I think it was Hoffman who caught a tig ball in his lap burning something rather important to him.. Seems it took months for it to heal properly. I forget the details other than it wasn't funny.

My old buddy in a wheelchair, he caught a bunch of lathe swarf in his lap.. not fun.. It'd be hard to continue a hobby that hurt you pretty bad. The machine shops would burn him a new one for ten minutes work thou and he was near as cheap as I am.

That all being said, the most used item in my shop is a smallish one inch thick work table.. it has two 2x2 sockets that hold various tools, vices.. benders.. and my chairs go under it to weld on top of the table or in the vices.. Hard to work a pedal on a tig and stand..

hardtail
12-21-2008, 06:21 PM
True most stools do pose a problem to effectively work the foot pedal........solution, maybe one of the best welding tables ever.........

http://www.practicalmachinist.com/vb/showthread.php?t=169917

Adjust your work to you.

speedy
12-21-2008, 07:02 PM
Harry. Keep a short piece of 1" board close by. It provides a safe arm / elbow etc rest area from hot steel. and cold steel for that matter

I think it was Hoffman who caught a tig ball in his lap burning something rather important to him.. Seems it took months for it to heal properly. I forget the details other than it wasn't funny.
My old buddy in a wheelchair, he caught a bunch of lathe swarf in his lap.. not fun.. It'd be hard to continue a hobby that hurt you pretty bad. The machine shops would burn him a new one for ten minutes work thou and he was near as cheap as I am.
That all being said, the most used item in my shop is a smallish one inch thick work table.. it has two 2x2 sockets that hold various tools, vices.. benders.. and my chairs go under it to weld on top of the table or in the vices.. Hard to work a pedal on a tig and stand..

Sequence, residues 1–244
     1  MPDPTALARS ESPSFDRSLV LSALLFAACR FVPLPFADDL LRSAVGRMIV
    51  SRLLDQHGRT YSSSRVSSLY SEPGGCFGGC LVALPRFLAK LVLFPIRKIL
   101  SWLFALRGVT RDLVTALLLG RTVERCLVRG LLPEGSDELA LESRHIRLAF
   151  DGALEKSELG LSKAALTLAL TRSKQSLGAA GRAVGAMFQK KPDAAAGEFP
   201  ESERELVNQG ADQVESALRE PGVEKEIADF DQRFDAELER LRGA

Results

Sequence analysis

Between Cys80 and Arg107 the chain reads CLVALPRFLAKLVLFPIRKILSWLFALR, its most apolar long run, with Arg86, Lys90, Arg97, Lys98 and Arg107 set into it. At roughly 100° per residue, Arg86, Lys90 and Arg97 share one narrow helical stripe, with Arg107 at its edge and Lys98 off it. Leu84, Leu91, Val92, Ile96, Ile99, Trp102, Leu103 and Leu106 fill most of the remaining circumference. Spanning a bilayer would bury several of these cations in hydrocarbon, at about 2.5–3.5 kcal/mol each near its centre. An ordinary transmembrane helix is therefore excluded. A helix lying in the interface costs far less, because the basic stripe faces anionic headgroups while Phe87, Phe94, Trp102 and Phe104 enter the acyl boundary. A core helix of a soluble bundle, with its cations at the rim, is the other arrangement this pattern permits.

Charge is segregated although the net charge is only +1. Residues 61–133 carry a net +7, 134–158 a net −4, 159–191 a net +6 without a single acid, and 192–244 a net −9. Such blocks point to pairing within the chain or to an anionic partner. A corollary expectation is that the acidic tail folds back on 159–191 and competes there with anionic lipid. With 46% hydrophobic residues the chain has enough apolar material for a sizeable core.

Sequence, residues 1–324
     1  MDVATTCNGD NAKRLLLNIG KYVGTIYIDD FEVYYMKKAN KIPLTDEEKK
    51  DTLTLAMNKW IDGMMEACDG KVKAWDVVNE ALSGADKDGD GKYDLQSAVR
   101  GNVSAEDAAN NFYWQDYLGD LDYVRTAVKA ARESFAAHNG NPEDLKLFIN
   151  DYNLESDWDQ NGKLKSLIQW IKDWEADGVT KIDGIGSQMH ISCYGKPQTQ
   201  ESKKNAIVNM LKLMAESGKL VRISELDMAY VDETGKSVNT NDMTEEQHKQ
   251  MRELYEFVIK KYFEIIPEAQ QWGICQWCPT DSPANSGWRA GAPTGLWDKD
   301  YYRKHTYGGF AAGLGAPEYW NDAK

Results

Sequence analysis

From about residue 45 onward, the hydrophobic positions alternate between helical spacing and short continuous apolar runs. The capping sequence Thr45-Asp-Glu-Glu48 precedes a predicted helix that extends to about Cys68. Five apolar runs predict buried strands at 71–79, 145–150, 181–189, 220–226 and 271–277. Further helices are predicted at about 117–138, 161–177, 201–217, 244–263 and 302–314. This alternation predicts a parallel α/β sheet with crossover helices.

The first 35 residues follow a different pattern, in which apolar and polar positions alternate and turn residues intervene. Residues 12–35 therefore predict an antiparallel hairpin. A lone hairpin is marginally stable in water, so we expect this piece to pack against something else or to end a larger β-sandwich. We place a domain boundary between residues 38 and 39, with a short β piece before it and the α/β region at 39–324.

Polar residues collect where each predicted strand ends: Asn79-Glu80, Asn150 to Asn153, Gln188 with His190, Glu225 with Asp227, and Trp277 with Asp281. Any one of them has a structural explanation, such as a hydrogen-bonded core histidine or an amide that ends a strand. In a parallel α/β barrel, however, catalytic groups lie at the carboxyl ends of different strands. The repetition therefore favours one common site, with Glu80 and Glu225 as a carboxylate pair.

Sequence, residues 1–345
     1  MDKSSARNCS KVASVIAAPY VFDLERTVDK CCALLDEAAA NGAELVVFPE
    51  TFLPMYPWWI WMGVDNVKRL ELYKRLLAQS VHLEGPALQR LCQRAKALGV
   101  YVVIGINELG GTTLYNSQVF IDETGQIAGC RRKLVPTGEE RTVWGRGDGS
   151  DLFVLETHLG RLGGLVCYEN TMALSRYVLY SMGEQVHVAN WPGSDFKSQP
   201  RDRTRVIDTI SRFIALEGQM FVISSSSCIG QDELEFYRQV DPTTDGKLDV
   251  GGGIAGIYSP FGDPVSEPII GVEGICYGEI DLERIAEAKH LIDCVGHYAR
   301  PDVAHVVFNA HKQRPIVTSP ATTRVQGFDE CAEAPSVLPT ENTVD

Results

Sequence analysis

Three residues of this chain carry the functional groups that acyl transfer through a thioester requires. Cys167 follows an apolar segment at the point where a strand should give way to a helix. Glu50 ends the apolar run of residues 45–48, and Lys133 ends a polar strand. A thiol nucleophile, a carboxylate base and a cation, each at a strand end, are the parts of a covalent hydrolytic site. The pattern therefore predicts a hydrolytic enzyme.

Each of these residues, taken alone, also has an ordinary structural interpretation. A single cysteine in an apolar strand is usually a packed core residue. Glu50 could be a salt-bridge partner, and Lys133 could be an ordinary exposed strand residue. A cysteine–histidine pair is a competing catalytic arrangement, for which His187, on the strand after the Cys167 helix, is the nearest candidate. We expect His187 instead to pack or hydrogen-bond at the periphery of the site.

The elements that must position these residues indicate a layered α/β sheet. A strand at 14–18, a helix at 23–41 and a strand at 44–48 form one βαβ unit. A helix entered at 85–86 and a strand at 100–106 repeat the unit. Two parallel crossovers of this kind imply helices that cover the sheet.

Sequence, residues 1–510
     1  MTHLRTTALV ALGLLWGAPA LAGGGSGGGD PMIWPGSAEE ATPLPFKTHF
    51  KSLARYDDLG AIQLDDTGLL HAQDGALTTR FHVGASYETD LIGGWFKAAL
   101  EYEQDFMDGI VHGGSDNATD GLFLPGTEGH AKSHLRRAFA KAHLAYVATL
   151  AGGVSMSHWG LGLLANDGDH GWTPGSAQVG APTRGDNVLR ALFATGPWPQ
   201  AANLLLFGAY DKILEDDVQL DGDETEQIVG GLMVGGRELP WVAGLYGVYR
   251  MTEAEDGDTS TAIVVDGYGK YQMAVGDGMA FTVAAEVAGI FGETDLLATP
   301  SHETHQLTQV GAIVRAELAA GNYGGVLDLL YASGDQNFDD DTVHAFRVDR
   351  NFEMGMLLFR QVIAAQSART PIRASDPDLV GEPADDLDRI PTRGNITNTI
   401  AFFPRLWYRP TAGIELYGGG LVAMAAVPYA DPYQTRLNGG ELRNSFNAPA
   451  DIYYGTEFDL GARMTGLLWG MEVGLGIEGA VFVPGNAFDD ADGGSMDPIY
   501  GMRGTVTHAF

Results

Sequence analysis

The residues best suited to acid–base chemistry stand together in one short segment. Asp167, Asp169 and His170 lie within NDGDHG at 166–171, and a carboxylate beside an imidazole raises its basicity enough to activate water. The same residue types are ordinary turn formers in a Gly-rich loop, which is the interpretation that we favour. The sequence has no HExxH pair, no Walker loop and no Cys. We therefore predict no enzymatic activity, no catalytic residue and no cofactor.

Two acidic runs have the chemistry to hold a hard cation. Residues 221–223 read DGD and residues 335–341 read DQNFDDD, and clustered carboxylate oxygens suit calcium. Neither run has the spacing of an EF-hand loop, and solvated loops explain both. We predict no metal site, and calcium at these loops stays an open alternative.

That reminds me, and maybe I have mentioned it before. Years ago before I became reliant on the 'chair I was working with my boilermaker mate cutting and fabricating a access hatch way up a chimney stack.
Hot slag entered my unbuttoned overalls and made its way down my right leg and came to rest at my calf boot. It had'nt finished yet and continued to roast its way in. I had to endure it as there was no where to go (except a long way down) and no hand rail to speak of. The long short of it, it got infected and medication didnt work. My dog Tan worked at it with his tongue for a week and it healed no worries.
I do not know if I would entertain the same cure if the slag had stopped in my lap region though.:)

mark61
12-29-2008, 08:50 AM
90% of the welding I do regularly is sitting down. We have section of T slotted machine tables at various hights from the floor and bench, stools and cobled together chairs to suit the different hights. There are days and weeks when I do nothing but layer build up of 7018 and or Hastalloy an inch think for remachinng worn surfaces. Also I weld up worn and broken machine tools in the pockets where the inserts go. No way could i stand up and free hand weld those small edges! Sit down. Prop tool at comfortable hieghts. Place elbows on knees and sometimes grab the rod with my left hand down near the end to keep from b$tching up an area that does NOT need welded.

You get old and ache fast enough. Be comfortable until then!

mark61